Welcome to “Read State,” a recurring TM Daily Post feature in which we ask noteworthy Texans—from writers and singers to athletes and politicians—what they’re reading. Today we bring you the reading habits of John Burnett, the roving NPR correspondent based in Austin who has reported from more than 25 countries.
In 1990, the Austin scene gave us Richard Linklater's classic art-film Slacker. In 2012, it gives us something for YouTube.
The Daily Show caught up on the Iowa Republican presidential caucus results Wednesday, with the opening segment devoted to the day's two biggest losers, Michele Bachmann and Rick Perry.
From a record-setting drought and raging wildfires (that claimed much of Bastrop, whose water tower is pictured above) to the end of the space shuttle program and the UT-A&M football rivalry (well, maybe), 2011 was a memorable year for Texas. Here are ten photos of the moments and themes that defined the last twelve months.
From (HB) 1 to ($)15.2 billion, we revisit a few of the state's biggest stories in 2011 by examining the numbers.
Rick Perry's field-leading share of support for the Republican presidential nomination in an August 24 Gallup poll, twelve points ahead of Mitt Romney.
Forget Casey Anthony. Texas served up enough bizarre courtroom drama this year to keep Nancy Grace drooling. Here are the five cases from Texas courtrooms in 2011 that enthralled, amused, and horrified us.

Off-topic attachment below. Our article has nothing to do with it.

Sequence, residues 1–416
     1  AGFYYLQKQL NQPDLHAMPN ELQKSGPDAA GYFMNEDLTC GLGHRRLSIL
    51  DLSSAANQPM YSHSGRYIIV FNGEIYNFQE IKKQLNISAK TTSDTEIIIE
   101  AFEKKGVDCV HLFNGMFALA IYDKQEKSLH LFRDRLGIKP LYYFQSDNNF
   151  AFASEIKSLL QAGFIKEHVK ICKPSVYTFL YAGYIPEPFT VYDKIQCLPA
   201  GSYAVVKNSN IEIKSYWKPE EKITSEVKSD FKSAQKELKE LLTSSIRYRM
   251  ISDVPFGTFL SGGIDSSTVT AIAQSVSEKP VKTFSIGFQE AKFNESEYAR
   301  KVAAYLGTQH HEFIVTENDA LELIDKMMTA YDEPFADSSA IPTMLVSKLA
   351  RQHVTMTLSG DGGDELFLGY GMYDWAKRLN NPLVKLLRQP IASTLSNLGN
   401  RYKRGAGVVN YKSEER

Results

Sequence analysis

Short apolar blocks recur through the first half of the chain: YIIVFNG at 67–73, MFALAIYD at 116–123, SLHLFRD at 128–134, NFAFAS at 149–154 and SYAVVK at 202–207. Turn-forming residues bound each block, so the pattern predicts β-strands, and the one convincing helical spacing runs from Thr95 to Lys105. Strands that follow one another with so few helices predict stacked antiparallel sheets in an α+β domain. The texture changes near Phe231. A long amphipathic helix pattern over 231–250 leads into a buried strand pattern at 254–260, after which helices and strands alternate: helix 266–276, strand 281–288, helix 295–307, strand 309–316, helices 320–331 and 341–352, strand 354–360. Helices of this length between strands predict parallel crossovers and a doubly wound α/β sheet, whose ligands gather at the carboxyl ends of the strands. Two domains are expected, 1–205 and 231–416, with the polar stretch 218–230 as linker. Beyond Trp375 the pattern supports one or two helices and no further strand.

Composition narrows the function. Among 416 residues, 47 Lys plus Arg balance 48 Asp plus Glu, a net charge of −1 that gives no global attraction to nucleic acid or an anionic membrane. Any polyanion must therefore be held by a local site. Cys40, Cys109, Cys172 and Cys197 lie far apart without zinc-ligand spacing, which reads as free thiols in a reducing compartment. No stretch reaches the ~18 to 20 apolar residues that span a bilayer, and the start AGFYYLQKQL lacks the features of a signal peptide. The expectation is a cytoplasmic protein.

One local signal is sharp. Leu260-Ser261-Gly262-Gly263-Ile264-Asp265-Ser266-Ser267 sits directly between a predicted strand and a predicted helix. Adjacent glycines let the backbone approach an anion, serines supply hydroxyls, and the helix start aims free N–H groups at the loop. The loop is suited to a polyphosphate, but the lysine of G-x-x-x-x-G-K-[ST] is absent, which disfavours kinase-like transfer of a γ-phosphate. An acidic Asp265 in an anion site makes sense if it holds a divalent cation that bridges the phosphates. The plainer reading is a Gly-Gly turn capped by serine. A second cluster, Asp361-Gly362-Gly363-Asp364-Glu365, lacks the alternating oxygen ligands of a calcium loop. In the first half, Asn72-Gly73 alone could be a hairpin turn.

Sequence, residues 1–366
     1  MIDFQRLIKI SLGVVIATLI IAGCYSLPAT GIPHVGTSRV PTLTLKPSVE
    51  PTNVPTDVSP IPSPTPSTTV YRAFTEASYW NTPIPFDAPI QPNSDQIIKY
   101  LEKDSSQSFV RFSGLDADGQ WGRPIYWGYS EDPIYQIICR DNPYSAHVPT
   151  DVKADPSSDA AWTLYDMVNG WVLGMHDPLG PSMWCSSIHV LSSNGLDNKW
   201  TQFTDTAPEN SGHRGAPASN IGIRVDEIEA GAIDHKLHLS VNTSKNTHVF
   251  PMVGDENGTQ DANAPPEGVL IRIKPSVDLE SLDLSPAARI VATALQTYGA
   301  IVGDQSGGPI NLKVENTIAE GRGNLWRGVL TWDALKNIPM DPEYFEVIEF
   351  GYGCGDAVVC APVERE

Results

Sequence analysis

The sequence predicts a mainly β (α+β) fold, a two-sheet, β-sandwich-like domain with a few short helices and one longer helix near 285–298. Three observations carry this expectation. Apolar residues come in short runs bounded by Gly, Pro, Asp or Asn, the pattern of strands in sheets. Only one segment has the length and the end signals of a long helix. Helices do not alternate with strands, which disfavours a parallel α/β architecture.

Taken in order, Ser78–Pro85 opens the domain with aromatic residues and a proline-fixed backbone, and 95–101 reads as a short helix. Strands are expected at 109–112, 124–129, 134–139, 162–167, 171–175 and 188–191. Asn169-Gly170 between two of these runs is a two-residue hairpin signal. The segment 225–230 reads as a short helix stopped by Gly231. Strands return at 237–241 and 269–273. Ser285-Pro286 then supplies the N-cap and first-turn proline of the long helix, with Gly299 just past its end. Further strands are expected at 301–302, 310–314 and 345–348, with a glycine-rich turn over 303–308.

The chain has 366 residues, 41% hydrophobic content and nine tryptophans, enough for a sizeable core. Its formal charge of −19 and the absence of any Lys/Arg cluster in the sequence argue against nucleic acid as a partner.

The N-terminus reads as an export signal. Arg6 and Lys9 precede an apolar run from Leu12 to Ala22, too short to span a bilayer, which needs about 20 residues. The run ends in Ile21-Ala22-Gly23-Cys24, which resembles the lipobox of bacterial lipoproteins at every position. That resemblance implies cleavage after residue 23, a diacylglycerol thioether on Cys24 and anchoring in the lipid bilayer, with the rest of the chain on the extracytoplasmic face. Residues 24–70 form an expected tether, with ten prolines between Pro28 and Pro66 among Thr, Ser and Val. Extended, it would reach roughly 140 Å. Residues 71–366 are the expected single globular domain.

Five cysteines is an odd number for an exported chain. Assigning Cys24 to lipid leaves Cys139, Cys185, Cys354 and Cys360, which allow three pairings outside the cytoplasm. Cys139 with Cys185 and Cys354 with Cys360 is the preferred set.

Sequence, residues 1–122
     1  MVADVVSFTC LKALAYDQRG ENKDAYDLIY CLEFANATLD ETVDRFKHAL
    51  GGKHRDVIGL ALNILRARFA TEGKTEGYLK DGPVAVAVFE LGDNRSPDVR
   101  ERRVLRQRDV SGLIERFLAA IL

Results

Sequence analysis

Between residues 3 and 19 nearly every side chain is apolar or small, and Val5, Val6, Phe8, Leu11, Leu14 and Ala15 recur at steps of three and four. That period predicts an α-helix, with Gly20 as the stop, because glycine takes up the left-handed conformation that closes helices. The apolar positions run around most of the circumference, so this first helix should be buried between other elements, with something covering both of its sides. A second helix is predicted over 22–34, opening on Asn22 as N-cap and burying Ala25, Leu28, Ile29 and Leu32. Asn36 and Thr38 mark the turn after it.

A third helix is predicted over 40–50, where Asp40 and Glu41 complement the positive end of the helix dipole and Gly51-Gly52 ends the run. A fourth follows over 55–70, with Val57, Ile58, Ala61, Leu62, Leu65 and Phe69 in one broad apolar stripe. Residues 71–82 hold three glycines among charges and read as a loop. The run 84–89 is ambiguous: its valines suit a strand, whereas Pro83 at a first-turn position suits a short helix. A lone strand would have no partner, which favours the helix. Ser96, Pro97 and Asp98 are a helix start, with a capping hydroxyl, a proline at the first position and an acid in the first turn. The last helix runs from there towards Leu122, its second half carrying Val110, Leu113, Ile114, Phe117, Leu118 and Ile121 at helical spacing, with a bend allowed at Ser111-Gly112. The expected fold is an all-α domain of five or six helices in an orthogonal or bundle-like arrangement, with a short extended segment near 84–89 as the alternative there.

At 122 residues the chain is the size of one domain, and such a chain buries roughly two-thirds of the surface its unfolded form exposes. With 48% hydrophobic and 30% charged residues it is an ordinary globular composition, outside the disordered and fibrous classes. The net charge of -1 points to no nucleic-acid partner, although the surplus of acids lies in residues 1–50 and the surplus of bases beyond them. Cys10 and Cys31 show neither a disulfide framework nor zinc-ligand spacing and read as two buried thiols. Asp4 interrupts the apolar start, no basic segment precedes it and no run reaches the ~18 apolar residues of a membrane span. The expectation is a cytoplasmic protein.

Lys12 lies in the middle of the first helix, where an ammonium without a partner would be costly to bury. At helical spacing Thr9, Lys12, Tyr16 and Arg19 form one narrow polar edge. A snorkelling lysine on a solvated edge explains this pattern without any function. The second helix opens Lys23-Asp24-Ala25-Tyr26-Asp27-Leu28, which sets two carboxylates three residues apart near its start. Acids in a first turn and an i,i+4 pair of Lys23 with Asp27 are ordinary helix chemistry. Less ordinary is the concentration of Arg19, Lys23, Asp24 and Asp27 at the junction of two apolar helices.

1. Warren Jeffs
Whether you’re enjoying icy oysters on a cold, winter night or you’re sitting through another relative’s diatribe about the economy, we’ll give you something to talk about.
If you’re on the Internet and sentient, you probably know some people who would like to tell you about Ron Paul. And if it seems like more people talk about Paul than any other Republican presidential candidate, you’re right.
Back when Rick Perry first announced for president, the only people happier than his supporters may have been the Texas media. Campaign coverage is good for business, and in those heady days before Perry's candidacy became official, you couldn't turn on cable news without seeing one state capitol reporter or another (including, yes, our own staffers) sharing Texas expertise.
Five minutes away from 6:30 p.m., eastern standard time, three of the four seats in the CBS News control room are still empty. In the occupied seat, a tall, gaunt quiet man of about 50—the chief engineer, formerly known as the technical director—confronts a flashing yard-square panel of buttons, switches, and erratic meters. There seem to be over a hundred pulsing, mysterious buttons between his outstretched arms, and he appears very intent upon them.